The focus was Wexford. “Every old banger in Westmeath was sprayed maroon and white,” Connaughton says. They were on the up. Even Mattie Forde, playing havoc with their defence, couldn’t derail them.
Another win and they were on their way. Laois, Leinster final. It was 55 years since Westmeath’s last one.
“Take the week off work,” Connaughton’s father suggested to him.
“Be in the paper after the game, not before it,” was Ó Sé’s advice to the players.
Connaughton went to work as normal and was caught on the hop for an interview.
“I was confident. You felt good. We all did.”
“Don’t go to the pub,” Ó Sé told them afterwards. “Go straight home. We’ll win it next week.”
The replay created a problem. One of their biggest fans was due to get married. A friend was at the service, tasked with supplying the groom with regular updates. Between them, the friend and the groom communicated through a series of elaborate hand gestures, thumbs up signals meaning Westmeath were leading, thumbs down if Laois had pressed ahead.
Across the aisle, there was nearly a scene – a grumpy member of the bridal party wondering if the groom was suffering cold feet. Subtly, a couple of guests disappeared from the church for the closing moments of the match – and the service. After 102 years, this was something they didn’t want to miss.
Back at Croke Park, Ó Sé asked his players how much did they want this. “What I remember,” Connaughton says, “is that the first day Mick O’Dwyer was visible during the parade but for the replay, Paídí positioned himself in such a spot that he could stare at each of us individually as we walked past.”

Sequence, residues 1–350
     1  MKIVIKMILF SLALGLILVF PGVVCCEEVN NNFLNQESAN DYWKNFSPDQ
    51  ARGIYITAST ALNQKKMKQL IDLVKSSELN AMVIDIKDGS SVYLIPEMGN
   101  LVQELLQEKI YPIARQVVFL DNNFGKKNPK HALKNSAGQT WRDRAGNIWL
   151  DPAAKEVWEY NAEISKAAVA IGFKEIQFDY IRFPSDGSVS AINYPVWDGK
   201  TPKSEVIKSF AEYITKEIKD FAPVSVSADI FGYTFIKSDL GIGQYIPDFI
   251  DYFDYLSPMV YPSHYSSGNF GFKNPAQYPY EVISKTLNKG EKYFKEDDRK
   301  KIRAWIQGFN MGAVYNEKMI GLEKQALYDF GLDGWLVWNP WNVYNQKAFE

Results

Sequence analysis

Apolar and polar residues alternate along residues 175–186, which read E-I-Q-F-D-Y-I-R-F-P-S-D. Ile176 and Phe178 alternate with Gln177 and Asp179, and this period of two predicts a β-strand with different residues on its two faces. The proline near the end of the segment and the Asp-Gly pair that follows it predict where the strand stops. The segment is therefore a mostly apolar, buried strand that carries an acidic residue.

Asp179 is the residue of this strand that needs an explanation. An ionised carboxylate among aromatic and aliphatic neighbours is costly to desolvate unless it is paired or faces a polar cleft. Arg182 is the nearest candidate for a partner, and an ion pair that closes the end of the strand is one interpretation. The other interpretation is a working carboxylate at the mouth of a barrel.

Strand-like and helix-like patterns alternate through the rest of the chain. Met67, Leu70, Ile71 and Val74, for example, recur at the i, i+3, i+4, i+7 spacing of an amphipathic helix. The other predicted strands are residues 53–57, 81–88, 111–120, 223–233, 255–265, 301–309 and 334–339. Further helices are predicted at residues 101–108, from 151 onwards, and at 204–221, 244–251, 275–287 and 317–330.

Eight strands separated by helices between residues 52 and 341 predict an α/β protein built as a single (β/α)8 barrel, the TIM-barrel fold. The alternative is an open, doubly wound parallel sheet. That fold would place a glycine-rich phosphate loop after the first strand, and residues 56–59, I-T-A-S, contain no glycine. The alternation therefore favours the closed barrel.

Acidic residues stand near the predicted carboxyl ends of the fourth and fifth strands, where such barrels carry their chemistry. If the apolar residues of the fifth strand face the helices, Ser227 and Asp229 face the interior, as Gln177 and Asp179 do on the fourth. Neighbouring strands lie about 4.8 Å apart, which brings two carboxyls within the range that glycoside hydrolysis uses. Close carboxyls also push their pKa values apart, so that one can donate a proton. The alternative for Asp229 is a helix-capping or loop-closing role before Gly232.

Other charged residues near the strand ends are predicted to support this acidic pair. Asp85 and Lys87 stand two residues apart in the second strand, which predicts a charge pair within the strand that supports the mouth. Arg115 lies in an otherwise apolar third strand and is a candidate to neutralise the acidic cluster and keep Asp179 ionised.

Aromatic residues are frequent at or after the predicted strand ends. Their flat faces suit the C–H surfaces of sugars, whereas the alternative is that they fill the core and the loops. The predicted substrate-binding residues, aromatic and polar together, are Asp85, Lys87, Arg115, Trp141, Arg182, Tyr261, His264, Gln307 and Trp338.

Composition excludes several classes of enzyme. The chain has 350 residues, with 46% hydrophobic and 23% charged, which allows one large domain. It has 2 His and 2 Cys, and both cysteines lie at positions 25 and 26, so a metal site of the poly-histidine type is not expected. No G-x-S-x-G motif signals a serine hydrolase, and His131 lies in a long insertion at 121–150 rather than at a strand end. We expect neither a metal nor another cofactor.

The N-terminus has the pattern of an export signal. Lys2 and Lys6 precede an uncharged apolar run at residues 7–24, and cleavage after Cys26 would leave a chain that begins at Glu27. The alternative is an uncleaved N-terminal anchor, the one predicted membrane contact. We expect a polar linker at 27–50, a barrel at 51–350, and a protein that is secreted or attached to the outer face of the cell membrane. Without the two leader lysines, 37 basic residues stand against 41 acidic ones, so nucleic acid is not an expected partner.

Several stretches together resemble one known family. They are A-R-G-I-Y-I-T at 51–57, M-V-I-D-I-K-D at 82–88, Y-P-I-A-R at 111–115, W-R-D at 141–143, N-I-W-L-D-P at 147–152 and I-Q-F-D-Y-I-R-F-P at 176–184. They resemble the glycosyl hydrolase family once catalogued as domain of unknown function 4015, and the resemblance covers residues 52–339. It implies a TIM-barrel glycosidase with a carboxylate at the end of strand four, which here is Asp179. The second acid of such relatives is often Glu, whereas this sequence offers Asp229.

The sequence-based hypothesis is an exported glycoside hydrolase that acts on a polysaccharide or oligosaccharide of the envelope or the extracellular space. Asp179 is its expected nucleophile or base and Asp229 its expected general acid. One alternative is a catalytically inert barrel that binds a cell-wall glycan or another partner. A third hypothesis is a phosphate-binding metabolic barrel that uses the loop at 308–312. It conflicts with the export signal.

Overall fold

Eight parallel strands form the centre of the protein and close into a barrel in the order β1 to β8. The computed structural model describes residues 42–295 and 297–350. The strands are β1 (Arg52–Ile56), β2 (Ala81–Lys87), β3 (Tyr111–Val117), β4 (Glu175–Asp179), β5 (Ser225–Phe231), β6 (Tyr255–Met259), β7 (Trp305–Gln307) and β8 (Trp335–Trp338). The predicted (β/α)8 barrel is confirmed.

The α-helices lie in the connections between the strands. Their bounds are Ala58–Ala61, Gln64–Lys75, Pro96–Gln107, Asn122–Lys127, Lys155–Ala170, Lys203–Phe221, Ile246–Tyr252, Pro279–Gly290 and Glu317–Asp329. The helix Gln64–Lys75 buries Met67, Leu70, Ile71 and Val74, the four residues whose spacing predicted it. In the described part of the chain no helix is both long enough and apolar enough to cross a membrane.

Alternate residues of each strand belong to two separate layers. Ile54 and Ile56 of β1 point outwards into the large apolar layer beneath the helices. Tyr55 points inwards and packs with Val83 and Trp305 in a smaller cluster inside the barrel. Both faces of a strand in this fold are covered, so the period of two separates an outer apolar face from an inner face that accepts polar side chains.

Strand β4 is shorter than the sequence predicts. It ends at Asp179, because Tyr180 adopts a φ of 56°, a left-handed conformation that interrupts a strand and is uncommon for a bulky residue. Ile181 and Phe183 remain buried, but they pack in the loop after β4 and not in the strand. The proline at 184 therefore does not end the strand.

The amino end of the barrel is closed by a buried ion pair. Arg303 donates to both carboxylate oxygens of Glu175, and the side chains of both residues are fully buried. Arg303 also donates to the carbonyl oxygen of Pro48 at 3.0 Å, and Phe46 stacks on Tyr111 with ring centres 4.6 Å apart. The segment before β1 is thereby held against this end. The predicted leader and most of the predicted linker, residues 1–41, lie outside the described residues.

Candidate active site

You’d have sworn he’d a hypnotic effect on them. “Do you know what he had?” Connaughton says. “It’s as simple as this. He had a way of making us more confident.”
It worked. That night the cup spent the night in Mullingar’s Greville Arms.
If you were a tourist who wasn’t aware of the nuances of Ireland’s county boundaries then you’d struggle to notice any difference in the terrain from Kilbeggan to Tullamore where Westmeath stops and Offaly starts. Similarly, when you go beyond Streete towards Granard, the tarmacked road doesn’t change its markings when you leave the county and head into Longford. Cross a bridge in Finea and it takes you to Cavan; cross one in Kinnegad and you are into Meath.
Yet even if the land looks the same, it doesn’t stop any county from having its own identity. Westmeath has had that since 1543, when the Parliament of Ireland passed the Counties of Meath and Westmeath Act. To the people who live here, it is so much more than a name written on envelopes to help An Post deliver its letters.
The 2004 Leinster championship didn’t awaken some dormant emotion; it simply intensified a pride that was already there, an awareness that their place was a special one. More than that, though, for many of the migrants who had recently moved into the county’s new estates, it provided a sense of belonging – a this-is-us moment. And for those who’d lived in the county all their life, whose lives were wrapped up in the county’s GAA scene, 2004 was unforgettable. “Thinking about that year now, you actually stop and say to yourself, did that happen?” says Maguire asks, a man who remembers plenty of false dawns. “We’d never experienced anything like this.”
“They were the best days of my life,” Connaughton adds, equating their Leinster title to an All-Ireland. “Greece won Euro 2004 in June. No one thought it could be done but in sport, there is always a surprise some year somewhere. Sport doesn’t have a script written for it.”
But that year it did – as a Kerry author put the final words on a Midlands fairy-tale.